Middle TN Police Say Drivers Aren’t Obeying “Move Over” Law
A close call on Monday when a driver sideswiped a Mt. Juliet police cruiser on Interstate 40 and narrowly missed the responding officer highlighted the fact that few drivers in Tennessee obey the state’s “Move Over” law.
According to a report by WKRN.com, the law was passed in 2006 when Tennessee became the 30th state in the nation to require drivers to shift lanes when they begin to approach an emergency vehicle, such as a police car, firetruck, or ambulance, that’s on the side of the road.
A sergeant with the Wilson County Sheriff’s Office told reporters that video of Monday’s incident in Mt. Juliet is a reminder that drivers often don’t follow the law or aren’t paying attention to the road and fail to see when there’s a stopped emergency vehicle in front of them. By the time they realize it, it’s too late for them to safely change lanes, so they make abrupt maneuvers that endanger themselves and others.
He also said that many drivers are distracted due to smartphones and are looking down while driving on highways and interstates instead of at the roadway.
Tennessee’s “Move Over” law provides exceptions, as drivers will not be ticketed if they slow down and proceed with caution if there’s no room for them to change lanes away from the stopped emergency vehicles.
3 Facts All Drivers Should Know about Tennessee’s “Move Over” Law
Whether it’s a stopped police car, ambulance, rescue vehicle, or fire truck, encountering an emergency vehicle on the side of the road is a common occurrence for most drivers in Tennessee. The state enacted its “Move Over” law in 2006, becoming the 30th state in the nation to do so, in order to protect emergency responders who must exit their vehicles and walk or stand near high-speed traffic.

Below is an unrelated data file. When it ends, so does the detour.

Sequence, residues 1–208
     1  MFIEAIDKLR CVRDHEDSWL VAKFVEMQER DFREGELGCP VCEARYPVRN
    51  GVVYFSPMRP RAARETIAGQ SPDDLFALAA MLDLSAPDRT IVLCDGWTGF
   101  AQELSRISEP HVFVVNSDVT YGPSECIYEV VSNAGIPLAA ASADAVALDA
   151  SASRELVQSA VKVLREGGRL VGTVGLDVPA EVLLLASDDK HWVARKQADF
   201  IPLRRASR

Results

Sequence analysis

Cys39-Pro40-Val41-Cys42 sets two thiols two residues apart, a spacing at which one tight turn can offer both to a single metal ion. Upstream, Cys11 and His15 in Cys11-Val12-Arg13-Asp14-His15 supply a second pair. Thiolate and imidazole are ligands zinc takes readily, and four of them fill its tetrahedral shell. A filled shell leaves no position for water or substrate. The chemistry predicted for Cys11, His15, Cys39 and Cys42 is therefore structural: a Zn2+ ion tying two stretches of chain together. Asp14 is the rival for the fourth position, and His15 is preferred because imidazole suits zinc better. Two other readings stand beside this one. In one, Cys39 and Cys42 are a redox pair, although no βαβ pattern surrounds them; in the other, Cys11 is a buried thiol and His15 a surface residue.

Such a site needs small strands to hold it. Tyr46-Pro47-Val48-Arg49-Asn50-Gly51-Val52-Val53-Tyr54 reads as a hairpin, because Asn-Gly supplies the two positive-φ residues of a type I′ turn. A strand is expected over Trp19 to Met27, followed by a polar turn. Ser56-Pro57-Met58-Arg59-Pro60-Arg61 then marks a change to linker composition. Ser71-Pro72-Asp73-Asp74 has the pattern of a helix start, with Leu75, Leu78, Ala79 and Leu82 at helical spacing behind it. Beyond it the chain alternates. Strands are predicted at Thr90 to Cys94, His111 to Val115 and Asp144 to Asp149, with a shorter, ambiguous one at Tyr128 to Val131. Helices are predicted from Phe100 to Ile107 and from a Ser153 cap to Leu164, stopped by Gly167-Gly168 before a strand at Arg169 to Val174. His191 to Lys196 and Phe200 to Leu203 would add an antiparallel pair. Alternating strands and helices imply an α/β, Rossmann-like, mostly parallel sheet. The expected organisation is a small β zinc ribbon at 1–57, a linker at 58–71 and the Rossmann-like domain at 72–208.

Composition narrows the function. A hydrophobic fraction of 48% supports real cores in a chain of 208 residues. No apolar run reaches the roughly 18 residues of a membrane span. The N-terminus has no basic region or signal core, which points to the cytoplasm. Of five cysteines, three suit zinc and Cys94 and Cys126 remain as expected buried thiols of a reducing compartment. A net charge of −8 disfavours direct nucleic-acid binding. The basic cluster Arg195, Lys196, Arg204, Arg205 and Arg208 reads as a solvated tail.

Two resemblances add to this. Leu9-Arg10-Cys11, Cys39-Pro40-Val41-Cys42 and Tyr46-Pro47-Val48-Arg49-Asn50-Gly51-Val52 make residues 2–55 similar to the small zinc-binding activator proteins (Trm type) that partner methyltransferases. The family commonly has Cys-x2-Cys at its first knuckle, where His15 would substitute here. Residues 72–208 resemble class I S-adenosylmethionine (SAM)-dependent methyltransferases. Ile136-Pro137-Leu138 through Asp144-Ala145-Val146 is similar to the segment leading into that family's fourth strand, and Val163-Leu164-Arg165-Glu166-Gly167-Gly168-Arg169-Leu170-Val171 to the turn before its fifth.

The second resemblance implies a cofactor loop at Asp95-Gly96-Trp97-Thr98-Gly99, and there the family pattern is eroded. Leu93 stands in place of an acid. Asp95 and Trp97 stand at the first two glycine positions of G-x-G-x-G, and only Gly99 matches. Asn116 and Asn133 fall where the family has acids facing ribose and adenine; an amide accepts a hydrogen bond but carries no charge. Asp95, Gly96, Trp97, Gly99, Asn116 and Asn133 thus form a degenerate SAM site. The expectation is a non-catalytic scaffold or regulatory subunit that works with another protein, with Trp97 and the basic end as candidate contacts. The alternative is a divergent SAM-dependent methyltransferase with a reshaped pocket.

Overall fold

At Matt Hardin Law, our Nashville auto accident attorneys know how important this law is when it comes to saving the lives of emergency responders, and we believe all drivers should know these three facts:
- The law was recently expanded to include utility vehicles with flashing lights.
Emergency responders aren’t the only workers who face dangers when they stop their vehicles near traffic. Utility workers who help complete road repairs and assist drivers during emergency situations are also protected by the law. That means you should always change lanes away from the shoulder any time you see a stopped vehicle with flashing lights up ahead—even if it’s not an emergency vehicle.
- Drivers who fail to move over can be ticketed and even jailed.
The “Move Over” law isn’t something to take lightly when you get behind the wheel. Drivers who fail to move over can be fined between $100 and $500 and even face jail time of up to 30 days. Additional violations can cost drivers between $500 and $1,000.
- More than 1,000 citations were issued between 2006 and 2014 in three Middle TN counties.
If you think police never or rarely ticket drivers who fail to move over, consider this statistic: police in three counties in Middle Tennessee—Davidson, Williamson, and Rutherford—issued more than 1,000 citations between the time the law was passed and 2014. Police in Robertson County issued 350 citations, while police in Sumner County issued 671 during that same time period.
Both police and judges say that ignorance of the law is no excuse to avoid receiving a citation—especially now that the law has been in effect for a decade. The safest way to obey the law is to immediately make plans to change lanes as soon as you see an emergency vehicle on the side of the road, even if it’s hundreds of feet away. The sooner you make plans to move over, the safer you and other drivers will be.
The Nashville auto accident attorneys at Matt Hardin Law know that emergency responders and utility workers aren’t the only people who are in danger due to motorists who don’t pay attention. When any driver fails to concentrate on the roadway, he or she can seriously endanger others. If you or someone you know was injured in an accident caused by a negligent driver, you may be eligible to file a claim for compensation. To speak with our legal team about your options, dial (615) 200-1111 or complete a free online consultation form.